I host a few websites for myself and family on DigitalOcean. Up until recently, I’ve always just spun up a new droplet for each site, so they were all fully independent from each other; this was the easiest and most convenient way to get a new site up and running without jeopardizing uptime on other sites if I made a mistake in configuration, and it was drop-dead easy to map a domain to a static IP. It had some security benefits, too– if one site was compromised, it wouldn’t affect the rest.
But it was also maintenance-intensive. I needed to login to multiple servers to run updates; adding plugins had to be redone over and over on each server; and obviously this was starting to get expensive. So I decided to consolidate my multiple sites on one server, using a fancy feature of WordPress called… “Multisite“. Imaginative name, I know.
The initial configuration went well, with no real hiccups (other than my accidentally rm’ing most of Apache’s configuration files– but a quick droplet rebuild took care of that).Yes, I could have restored the configuration without too much difficulty, but I was early enough in the build that it was faster to just start over. The trouble started when I had moved over the sites I was consolidating, and switched the domains to point at my new Multisite server. I spent two hours trying to figure out why one of the domains refused to point at the new server, only to discover (drumroll, please)… it was DNS. I use Pi-Hole on my home network to block malicious sites, but it also provides a DNS caching service which usually works great. In this case, however, it was pointing me back at the old server over and over, until the TTL finally expired.I did set the TTL to a very low number when I started this process, but the old value wasn’t updated until the original one expired. A quick flush of the DNS cache, and I was able to see that the domain was correctly configured. Fifteen minutes later, I had SSL up and my plugins configured.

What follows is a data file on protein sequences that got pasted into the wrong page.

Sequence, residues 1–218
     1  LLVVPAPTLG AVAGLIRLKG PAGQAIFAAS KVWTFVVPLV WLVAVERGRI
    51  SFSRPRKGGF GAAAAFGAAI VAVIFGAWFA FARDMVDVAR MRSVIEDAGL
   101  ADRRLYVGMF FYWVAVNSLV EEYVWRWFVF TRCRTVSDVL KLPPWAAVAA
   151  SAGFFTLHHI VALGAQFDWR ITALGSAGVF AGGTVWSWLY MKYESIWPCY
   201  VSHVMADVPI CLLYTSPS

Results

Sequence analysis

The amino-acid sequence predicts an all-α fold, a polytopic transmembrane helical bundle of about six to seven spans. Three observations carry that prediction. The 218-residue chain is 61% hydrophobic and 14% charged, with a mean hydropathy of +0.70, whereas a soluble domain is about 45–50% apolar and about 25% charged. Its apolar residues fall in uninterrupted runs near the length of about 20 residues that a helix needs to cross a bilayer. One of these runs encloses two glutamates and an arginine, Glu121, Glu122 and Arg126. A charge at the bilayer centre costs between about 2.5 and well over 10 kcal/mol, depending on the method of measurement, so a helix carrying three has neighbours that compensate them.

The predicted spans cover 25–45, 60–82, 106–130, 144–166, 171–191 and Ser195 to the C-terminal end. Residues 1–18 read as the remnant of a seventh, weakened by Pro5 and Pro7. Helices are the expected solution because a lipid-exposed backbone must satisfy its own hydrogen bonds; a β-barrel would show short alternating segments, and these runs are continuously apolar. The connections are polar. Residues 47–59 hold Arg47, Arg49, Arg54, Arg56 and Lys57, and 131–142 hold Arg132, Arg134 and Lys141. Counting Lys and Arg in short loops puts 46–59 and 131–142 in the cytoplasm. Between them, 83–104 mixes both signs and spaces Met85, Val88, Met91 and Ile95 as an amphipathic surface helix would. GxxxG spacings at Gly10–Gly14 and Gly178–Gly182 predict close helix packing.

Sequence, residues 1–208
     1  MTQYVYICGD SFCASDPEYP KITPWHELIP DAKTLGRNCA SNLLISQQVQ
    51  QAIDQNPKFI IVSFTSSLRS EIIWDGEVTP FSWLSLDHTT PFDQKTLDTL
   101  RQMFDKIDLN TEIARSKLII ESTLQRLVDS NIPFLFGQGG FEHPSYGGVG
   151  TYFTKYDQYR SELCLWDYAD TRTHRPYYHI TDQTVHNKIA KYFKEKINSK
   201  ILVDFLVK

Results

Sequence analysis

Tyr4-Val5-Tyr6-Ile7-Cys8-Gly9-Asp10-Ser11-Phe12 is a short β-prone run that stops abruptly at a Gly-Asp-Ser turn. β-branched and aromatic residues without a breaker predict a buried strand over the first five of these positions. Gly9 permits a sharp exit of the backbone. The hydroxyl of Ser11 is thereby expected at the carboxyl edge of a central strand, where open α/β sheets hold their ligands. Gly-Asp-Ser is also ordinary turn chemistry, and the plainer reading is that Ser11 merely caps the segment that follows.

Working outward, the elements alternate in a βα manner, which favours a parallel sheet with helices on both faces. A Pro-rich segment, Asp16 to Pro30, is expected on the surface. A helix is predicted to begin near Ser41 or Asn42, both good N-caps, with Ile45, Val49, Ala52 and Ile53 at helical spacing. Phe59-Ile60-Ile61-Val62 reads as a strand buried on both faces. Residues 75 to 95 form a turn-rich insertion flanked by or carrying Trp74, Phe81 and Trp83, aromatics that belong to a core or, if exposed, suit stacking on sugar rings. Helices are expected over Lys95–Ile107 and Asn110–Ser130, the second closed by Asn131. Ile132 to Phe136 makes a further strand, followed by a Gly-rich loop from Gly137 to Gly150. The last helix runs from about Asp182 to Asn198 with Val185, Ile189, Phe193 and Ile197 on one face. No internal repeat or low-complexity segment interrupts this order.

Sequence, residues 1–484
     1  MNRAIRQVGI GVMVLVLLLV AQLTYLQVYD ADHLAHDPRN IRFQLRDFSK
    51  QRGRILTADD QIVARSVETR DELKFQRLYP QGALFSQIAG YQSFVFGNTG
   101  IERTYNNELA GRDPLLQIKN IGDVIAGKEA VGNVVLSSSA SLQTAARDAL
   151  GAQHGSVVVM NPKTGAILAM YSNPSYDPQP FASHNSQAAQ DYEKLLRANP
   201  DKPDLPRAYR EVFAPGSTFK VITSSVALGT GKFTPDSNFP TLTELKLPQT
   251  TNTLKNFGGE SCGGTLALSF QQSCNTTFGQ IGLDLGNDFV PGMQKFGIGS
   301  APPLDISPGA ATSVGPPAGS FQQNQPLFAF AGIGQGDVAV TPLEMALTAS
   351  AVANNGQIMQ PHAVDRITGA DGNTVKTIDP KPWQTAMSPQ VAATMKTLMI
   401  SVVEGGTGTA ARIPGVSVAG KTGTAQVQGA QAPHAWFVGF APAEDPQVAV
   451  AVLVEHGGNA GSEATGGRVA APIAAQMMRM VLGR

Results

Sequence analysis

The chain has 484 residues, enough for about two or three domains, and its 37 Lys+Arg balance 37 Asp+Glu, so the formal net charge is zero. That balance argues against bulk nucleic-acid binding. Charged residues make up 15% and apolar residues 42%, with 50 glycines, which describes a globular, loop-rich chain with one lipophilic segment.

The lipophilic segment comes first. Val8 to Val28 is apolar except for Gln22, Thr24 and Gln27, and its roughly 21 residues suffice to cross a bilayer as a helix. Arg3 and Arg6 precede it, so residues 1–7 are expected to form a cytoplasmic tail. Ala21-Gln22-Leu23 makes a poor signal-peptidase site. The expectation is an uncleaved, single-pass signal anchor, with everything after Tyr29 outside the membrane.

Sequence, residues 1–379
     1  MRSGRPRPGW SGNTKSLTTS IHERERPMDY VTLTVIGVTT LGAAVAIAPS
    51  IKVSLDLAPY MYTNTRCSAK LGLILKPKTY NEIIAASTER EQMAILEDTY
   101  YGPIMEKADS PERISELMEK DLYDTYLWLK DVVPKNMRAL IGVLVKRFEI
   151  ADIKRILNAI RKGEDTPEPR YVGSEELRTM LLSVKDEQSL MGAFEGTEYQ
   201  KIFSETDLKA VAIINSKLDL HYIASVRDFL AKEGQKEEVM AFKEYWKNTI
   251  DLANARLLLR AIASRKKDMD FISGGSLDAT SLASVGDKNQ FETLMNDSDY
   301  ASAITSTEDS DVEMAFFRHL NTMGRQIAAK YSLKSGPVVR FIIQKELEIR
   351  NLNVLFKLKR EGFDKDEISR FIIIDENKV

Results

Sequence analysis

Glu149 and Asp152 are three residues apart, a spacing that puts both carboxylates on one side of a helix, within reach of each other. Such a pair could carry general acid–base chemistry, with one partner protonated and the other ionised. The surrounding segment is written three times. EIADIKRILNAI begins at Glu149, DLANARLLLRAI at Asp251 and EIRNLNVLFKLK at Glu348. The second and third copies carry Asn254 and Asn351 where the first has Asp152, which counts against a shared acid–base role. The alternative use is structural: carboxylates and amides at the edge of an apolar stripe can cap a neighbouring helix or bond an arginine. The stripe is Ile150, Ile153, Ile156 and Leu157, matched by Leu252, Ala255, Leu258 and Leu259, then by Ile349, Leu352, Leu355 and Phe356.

So what’s the lesson in all this? Even when you think it’s not DNS… it’s DNS.